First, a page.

Grab Ventures, the venture arm of Southeast Asia’s ride-hailing giant Grab, has picked up a minority stake in grocery delivery startup HappyFresh, its head Chris Yeo confirmed. The investment was first reported by this portal in July.
Grab announced its foray into grocery delivery in July, as part of its ambition to become a one-stop “super app” for users in Southeast Asia. Its grocery delivery service, dubbed GrabFresh, was launched in partnership with HappyFresh.
In an interview on the sidelines of DEALSTREETASIA’s Asia PE-VC Summit 2018, Yeo said that the company prefers significant minority stakes and targets investments of about $5-15 million at Series A stage and onwards.
“If you’re talking about stage A and B companies, what’s best for the both of us is to take a minority stake first. We will then support them through our platform, networks and capital. Over time, if we see that there’s a great fit, we may go for a larger stake in them,” he said.
Earlier this month, this portal also reported that Grab has acquired a minority stake in Moca, a Vietnamese mobile payments firm. When asked about this investment, Yeo maintained that Moca is a strategic partner for Grab.
Grab has been securing several partnerships in recent months, targeting services such as online healthcare, news content and payments.
The ride-hailing giant is counting on its massive reach to attract startups to partner with it. Grab currently boasts a presence in eight countries and 235 cities across Southeast Asia.
“We know the difficulties of scaling across different countries. As such, we are willing to partner with higher risk startups because we’ve done it before and we know what they go through,” Yeo said.
The end goal for Grab Ventures however, may not necessarily be an acquisition of its portfolio companies.
During a fireside chat at the Asia PE-VC Summit 2018, Grab president Ming Maa said, “I’m negative about M&A in general. The purpose of Grab Ventures is to enable, not acquire and control companies. Moreover, the cost of acquisition is extremely high now. What we want to do is find ways to dramatically lower costs to enable growth.”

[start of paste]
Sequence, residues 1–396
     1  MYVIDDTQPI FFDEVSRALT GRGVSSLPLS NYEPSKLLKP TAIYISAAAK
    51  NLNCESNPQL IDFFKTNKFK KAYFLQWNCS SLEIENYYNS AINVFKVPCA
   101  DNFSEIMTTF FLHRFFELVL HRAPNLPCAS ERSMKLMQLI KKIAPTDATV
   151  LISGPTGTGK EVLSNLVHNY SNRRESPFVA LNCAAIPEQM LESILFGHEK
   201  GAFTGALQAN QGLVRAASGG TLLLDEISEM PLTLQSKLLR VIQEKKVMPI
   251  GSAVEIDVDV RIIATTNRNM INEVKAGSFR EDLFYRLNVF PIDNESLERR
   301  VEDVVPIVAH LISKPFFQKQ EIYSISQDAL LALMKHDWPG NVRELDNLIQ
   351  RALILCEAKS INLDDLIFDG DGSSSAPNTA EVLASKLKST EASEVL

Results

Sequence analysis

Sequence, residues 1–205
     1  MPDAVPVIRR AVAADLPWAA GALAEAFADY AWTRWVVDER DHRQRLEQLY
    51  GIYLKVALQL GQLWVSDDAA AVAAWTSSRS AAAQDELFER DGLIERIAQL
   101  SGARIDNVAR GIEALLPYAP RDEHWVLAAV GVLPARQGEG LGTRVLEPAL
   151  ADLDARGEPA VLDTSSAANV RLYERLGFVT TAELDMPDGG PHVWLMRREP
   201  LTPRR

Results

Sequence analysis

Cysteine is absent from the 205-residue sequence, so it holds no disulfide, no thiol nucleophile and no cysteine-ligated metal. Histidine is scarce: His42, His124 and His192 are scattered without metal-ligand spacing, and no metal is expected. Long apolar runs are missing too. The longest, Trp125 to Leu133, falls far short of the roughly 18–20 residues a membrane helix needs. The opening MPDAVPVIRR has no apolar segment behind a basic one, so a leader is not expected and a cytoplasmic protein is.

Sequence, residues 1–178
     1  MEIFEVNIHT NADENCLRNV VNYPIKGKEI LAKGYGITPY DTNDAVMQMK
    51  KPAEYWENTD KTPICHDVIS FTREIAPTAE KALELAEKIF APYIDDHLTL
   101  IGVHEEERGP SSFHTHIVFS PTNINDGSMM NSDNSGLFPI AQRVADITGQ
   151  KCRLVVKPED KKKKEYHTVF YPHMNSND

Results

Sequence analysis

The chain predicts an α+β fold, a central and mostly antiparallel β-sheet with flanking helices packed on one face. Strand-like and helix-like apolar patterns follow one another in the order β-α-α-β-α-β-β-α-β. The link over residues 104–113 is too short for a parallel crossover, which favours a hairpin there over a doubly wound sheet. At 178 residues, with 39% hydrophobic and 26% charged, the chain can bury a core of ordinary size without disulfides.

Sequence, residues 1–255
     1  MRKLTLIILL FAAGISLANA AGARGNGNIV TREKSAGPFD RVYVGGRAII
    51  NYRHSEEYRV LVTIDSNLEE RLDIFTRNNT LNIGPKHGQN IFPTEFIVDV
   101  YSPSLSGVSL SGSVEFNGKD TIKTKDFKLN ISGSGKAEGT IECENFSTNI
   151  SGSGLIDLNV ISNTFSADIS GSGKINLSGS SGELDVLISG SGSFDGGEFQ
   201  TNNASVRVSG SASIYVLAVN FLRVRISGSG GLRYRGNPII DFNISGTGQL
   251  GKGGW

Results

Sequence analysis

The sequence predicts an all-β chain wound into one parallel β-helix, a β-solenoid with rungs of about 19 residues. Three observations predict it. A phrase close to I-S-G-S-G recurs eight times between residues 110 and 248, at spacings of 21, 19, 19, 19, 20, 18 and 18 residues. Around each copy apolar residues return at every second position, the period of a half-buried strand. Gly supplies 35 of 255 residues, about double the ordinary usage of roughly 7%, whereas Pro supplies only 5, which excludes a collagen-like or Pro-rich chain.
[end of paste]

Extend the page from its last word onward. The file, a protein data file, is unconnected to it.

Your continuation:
Yeo said that he sees significant potential for innovation across Grab’s target sectors – transportation, logistics, financial services and food.
“Even in transportation, our most matured business unit, we are just scratching the surface,” he said. “We see many interesting startups in autonomous driving, electric vehicles, battery sharing and different modes of transport. Private ride-hailing is still a very small portion compared to other modes of transport like buses and trains. All those areas are unaddressed by Grab right now.”
Since its launch, Grab Ventures has received over 300 startup enquiries which it plans to eventually narrow down to 8-10 investments over the next two years. Its partners include EDB, EDBI, Amazon Web Services and MDI Ventures. Grab is also working with regional investors and ecosystem players like Entrepreneur First to source for potential start-ups.
Last month, Grab announced that it is allocating $250 million to invest in startups in Indonesia, one of its core markets and the home base of its archrival Go-Jek. However, it declined to disclose how much it was allocating regionally.
Go-Jek, meanwhile, has also confirmed setting up its own venture arm, Go-Ventures. This portal was the first to report about the Indonesian ride-hailing major’s foray into venture capital in May this year. Go-Ventures is reported to have invested in local media startup Kumparan.